Although she speaks out against him and Francon, Peter Keating is enamored of Dominique and her pure beauty, strength, and elegance. He wants to marry her, but she responds she will only agree to marry him if she wishes to subject herself to terrible punishment. Through his machinations and political maneuvering, Keating eventually becomes the top designer at Francon’s firm. He wants to become Francon’s partner, but this spot is occupied by Lucius Heyer, a sickly man.

An announcement is made for the design of the Cosmo-Slotnick Building. Keating is slated to take part in the competition with Francon’s expectations that he win. Aware of his own mediocrity, Keating turns to Roark for help and submits it in his own name.

Keating schemes to immediately become Francon’s partner. He confronts the sickly old Heyer and blackmails him. This causes Heyer to suffer a stroke, and Heyer succumbs to death. He leaves Keating all his money. Subsequently, Keating wins the competition and becomes Francon’s partner.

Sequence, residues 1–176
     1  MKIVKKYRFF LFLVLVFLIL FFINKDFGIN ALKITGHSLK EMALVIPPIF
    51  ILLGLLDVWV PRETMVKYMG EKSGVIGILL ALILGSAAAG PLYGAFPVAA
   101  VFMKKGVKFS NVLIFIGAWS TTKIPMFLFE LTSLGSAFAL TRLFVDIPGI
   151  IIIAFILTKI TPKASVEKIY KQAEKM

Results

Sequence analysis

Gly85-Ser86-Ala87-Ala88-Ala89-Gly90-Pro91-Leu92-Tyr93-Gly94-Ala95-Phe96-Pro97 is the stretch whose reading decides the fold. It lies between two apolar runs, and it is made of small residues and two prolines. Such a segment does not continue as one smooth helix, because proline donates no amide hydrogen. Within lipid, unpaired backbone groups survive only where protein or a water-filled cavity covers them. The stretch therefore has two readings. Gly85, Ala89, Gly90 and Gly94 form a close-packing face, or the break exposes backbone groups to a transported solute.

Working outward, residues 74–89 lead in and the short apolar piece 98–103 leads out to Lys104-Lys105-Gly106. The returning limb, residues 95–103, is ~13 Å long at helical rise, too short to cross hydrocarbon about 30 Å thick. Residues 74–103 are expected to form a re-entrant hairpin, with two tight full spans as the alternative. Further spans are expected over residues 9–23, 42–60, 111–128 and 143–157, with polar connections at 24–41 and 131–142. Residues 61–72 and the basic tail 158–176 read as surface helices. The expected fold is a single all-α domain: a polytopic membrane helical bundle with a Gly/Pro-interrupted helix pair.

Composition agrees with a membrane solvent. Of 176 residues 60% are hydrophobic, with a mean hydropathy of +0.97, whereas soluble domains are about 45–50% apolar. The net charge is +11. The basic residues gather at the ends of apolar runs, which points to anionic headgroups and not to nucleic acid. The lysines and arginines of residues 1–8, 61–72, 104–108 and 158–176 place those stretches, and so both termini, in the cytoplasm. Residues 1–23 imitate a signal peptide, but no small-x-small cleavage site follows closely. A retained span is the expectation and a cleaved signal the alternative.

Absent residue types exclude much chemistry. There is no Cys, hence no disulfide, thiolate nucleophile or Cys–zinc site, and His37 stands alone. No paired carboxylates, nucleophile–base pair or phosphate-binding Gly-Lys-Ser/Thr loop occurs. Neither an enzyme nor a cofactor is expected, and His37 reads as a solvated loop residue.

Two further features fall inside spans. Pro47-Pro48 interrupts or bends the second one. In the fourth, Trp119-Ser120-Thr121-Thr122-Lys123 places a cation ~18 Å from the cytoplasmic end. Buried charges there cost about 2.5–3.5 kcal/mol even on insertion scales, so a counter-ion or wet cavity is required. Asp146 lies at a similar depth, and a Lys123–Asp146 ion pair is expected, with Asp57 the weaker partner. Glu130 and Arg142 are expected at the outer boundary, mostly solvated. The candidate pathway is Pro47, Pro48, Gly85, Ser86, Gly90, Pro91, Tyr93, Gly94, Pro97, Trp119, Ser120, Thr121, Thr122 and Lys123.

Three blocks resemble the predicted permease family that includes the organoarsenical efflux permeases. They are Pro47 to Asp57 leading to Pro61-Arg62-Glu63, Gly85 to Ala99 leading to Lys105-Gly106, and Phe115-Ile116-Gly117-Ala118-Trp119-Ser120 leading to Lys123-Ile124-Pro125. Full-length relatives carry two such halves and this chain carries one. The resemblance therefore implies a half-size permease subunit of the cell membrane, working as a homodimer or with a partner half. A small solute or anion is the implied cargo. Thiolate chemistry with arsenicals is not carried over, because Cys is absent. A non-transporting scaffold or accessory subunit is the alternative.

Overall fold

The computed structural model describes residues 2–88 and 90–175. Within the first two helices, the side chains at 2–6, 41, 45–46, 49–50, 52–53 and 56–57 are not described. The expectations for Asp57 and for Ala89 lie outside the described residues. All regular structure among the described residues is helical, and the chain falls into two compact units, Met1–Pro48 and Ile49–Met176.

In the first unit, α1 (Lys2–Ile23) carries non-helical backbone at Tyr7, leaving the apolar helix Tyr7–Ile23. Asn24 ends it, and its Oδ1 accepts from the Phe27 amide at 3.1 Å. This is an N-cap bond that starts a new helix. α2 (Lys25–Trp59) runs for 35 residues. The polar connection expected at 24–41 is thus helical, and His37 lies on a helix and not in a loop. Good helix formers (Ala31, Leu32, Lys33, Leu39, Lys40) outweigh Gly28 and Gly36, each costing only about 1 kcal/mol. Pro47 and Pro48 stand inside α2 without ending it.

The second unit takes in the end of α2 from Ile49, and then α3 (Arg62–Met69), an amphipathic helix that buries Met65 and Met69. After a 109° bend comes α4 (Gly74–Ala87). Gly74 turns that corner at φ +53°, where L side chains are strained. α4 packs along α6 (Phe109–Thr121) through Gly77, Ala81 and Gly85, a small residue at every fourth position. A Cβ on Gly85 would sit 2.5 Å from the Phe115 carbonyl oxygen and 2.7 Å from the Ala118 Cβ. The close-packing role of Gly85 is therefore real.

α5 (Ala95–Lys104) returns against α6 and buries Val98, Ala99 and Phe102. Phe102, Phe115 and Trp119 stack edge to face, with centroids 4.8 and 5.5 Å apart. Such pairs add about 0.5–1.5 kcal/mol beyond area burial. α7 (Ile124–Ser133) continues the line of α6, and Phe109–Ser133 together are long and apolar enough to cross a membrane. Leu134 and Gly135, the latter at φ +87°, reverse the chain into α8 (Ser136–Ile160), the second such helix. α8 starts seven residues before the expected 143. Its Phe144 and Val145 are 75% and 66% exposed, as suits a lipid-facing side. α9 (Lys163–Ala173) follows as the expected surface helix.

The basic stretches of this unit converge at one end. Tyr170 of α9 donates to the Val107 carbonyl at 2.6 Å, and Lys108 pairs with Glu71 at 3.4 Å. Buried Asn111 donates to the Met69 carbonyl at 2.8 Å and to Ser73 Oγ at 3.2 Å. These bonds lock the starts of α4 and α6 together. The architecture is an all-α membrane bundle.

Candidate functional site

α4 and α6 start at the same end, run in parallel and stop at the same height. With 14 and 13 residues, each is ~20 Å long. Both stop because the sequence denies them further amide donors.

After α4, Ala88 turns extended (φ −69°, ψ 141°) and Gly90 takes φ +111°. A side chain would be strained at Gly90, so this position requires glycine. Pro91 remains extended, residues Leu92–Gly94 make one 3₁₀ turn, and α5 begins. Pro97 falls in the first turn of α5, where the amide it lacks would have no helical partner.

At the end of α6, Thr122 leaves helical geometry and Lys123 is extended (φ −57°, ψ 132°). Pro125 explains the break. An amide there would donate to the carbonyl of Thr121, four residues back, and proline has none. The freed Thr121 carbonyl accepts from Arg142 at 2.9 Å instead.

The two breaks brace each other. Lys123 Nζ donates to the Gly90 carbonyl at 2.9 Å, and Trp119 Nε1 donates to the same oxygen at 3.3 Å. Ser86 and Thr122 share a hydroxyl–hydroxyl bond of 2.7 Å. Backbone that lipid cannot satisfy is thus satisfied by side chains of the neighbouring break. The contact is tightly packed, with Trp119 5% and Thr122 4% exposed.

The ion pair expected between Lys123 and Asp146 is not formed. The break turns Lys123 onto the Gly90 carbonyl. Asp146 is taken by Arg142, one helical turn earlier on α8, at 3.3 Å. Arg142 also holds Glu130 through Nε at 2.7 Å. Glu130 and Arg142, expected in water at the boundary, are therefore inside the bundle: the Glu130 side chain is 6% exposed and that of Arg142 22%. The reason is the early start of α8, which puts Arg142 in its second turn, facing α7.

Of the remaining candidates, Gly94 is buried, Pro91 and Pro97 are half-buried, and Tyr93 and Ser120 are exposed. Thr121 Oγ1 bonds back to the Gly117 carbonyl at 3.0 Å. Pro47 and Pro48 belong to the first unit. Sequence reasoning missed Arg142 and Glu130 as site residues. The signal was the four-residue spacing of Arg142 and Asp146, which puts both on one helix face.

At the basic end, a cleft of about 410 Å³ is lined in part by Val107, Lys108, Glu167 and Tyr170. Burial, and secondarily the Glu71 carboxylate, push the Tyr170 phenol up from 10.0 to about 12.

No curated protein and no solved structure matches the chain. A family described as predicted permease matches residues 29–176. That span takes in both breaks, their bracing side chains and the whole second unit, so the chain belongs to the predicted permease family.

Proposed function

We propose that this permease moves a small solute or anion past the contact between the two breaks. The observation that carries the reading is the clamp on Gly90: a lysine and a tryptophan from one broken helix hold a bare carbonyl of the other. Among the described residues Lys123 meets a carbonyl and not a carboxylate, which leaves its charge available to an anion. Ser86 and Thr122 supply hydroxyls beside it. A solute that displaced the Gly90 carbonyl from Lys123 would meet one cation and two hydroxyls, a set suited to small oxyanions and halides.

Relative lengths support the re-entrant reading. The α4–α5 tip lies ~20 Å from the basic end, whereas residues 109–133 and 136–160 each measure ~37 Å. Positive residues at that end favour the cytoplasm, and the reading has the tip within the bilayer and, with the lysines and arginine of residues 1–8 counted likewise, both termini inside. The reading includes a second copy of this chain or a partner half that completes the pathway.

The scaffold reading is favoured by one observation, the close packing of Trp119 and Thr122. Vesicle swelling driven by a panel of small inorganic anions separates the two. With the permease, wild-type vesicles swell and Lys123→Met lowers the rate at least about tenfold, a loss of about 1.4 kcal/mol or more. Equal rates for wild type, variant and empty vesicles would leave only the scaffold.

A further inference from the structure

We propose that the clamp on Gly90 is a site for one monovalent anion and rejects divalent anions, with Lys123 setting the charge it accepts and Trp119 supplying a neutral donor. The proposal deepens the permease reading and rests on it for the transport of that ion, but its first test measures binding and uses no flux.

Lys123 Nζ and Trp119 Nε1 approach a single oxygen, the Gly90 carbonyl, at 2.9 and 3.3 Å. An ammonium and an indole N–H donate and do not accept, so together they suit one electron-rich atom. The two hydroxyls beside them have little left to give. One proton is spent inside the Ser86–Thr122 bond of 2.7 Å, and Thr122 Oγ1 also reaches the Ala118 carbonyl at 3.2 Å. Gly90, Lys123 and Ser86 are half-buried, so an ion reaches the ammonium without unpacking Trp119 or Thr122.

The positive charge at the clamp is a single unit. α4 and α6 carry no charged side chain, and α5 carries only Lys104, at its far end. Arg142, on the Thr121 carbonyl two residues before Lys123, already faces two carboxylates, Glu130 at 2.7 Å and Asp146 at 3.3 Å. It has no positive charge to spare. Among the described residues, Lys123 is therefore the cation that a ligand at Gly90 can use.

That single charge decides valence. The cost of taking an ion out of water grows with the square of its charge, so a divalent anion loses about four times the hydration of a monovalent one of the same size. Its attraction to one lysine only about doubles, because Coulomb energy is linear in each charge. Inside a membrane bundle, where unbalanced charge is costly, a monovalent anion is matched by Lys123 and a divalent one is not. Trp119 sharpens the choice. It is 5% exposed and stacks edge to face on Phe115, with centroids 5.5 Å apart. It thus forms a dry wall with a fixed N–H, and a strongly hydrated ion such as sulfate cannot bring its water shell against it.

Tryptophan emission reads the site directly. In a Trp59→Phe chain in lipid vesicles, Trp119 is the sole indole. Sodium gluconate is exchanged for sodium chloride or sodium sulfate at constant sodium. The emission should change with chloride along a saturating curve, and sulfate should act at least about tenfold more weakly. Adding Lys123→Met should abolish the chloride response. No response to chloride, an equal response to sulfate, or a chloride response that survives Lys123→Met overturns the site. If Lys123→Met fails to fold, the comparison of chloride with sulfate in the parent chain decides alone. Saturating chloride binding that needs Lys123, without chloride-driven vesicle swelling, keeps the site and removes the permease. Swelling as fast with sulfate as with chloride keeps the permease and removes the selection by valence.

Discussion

After Cameron retires, Roark is unable to find employment. He works briefly at Francon’s firm but is fired for refusing to conform. He becomes a modernist designer at an office headed by John Erik Snyte, who combines various different schools of design into whatever the public wants. This normally results in work of clashing principles. Finally, Austen Heller hires him to design him a home. At this time, Roark decides to go out on his own and starts his own firm. However, because his work is too provocative and revolutionary, he does not get many contracts after the Heller House. He temporarily shuts down his firm and goes to work at a quarry in Connecticut.

The quarry is owned by Francon, and Dominique catches sight of Roark while at the family estate close by. She is irresistibly drawn to him, and this attraction culminates in a violent rape scene where she both resists and accepts him. Dominique is overwhelmed by an inner conflict; this event is the most powerful experience she has ever had.